Students are expected to prepare and present lesson plans; create positive learning environments which celebrate cultural diversity; give detailed reports defending their choices for classroom layout; maintain journals reflecting on their teaching observations and experiences; and develop websites and electronic portfolios.
Successful participants will receive three undergraduate credits for a course entitled "Teaching in the 21st Century." A special theme this year will be teaching about the cultures found in Connecticut's classrooms. SIFT will have an open house for parents and community members on July 22 and will showcase student projects and accomplishments on July 31.
For more information about the SIFT program, contact David Stoloff at (860) 465-5501 or email@example.com.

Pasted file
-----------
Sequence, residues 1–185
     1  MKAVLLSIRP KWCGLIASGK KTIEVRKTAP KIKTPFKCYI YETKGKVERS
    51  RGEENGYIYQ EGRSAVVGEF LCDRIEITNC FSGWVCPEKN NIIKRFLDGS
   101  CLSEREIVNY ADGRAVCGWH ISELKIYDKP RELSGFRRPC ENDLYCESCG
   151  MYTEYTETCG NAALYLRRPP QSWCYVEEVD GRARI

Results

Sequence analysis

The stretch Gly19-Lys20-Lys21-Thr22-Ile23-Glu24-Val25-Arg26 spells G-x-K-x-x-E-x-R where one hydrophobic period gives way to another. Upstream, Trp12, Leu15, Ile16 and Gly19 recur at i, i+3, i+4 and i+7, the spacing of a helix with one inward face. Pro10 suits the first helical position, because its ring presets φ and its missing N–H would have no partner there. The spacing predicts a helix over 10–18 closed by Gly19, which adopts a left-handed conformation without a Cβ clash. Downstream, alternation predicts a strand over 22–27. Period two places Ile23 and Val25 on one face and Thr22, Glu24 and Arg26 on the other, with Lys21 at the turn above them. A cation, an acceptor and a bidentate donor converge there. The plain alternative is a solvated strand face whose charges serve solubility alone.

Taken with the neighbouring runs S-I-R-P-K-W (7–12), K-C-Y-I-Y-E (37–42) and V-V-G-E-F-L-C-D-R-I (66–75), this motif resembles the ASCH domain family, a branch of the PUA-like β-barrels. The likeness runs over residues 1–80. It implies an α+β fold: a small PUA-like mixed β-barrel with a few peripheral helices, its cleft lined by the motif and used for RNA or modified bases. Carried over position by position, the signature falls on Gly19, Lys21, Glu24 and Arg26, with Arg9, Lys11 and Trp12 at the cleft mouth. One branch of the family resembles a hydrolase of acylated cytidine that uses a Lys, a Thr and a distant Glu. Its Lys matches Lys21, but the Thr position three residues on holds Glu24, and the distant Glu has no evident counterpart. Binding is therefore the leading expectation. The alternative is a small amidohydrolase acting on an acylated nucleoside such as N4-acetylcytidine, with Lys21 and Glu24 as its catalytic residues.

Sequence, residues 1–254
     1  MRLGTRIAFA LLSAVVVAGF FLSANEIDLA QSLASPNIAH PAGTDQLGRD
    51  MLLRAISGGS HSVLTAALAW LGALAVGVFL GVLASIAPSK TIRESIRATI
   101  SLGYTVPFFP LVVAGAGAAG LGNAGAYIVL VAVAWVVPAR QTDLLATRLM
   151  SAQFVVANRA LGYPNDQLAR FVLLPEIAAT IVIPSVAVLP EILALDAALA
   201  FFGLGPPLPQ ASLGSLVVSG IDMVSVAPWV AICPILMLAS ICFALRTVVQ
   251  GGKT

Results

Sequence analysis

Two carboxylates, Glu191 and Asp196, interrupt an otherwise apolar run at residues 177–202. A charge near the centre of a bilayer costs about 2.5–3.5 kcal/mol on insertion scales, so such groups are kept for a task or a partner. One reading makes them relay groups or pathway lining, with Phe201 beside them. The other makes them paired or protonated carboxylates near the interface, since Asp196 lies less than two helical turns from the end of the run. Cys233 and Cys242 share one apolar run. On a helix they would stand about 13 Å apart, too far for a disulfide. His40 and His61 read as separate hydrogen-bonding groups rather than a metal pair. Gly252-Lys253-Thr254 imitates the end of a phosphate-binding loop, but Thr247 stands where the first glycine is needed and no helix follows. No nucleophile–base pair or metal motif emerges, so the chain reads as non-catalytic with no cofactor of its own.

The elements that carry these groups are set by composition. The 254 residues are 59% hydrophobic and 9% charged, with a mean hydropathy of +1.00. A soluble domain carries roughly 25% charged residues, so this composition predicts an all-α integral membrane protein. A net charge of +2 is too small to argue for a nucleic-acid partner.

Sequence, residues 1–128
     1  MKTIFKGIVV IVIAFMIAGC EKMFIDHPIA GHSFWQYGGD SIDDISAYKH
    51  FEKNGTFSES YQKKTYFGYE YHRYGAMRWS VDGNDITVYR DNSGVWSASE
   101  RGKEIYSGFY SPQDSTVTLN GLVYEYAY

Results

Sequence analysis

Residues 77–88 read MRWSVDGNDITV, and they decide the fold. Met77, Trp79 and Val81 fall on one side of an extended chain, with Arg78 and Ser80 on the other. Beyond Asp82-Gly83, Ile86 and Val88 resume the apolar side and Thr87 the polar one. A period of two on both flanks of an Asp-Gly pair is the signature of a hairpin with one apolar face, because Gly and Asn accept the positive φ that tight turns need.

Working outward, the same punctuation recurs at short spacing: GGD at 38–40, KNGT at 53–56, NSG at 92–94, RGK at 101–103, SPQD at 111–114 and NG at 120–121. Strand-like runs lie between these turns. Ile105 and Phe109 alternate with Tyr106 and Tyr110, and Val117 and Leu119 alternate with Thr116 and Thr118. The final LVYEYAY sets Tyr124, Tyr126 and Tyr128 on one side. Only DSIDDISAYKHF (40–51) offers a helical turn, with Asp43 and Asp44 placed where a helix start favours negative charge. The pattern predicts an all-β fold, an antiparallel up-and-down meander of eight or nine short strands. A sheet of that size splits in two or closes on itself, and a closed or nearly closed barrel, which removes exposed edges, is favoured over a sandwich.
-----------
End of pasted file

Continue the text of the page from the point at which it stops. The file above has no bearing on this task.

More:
Written by Allison Kelly
High school juniors from across the state enjoying a workshop during Girls State at Eastern last year.
Willimantic, CT - Eastern Connecticut State University again will host more than 180 Connecticut high school juniors for the Laurel Girls State program from June 27-July 2.
Sponsored by the American Legion and the Legion's Auxiliary, Laurel Girls State prepares young ladies for careers in government through citizenship and democracy. Some of the guest speakers will include Connecticut Attorney General Richard Blumenthal, who will speak on June 29. On June 30, Assistant Comptroller Martha Carlson is scheduled to speak and Secretary of State Susan Bysiewicz is scheduled to speak on July 1. Several state representatives and legislators will also attend.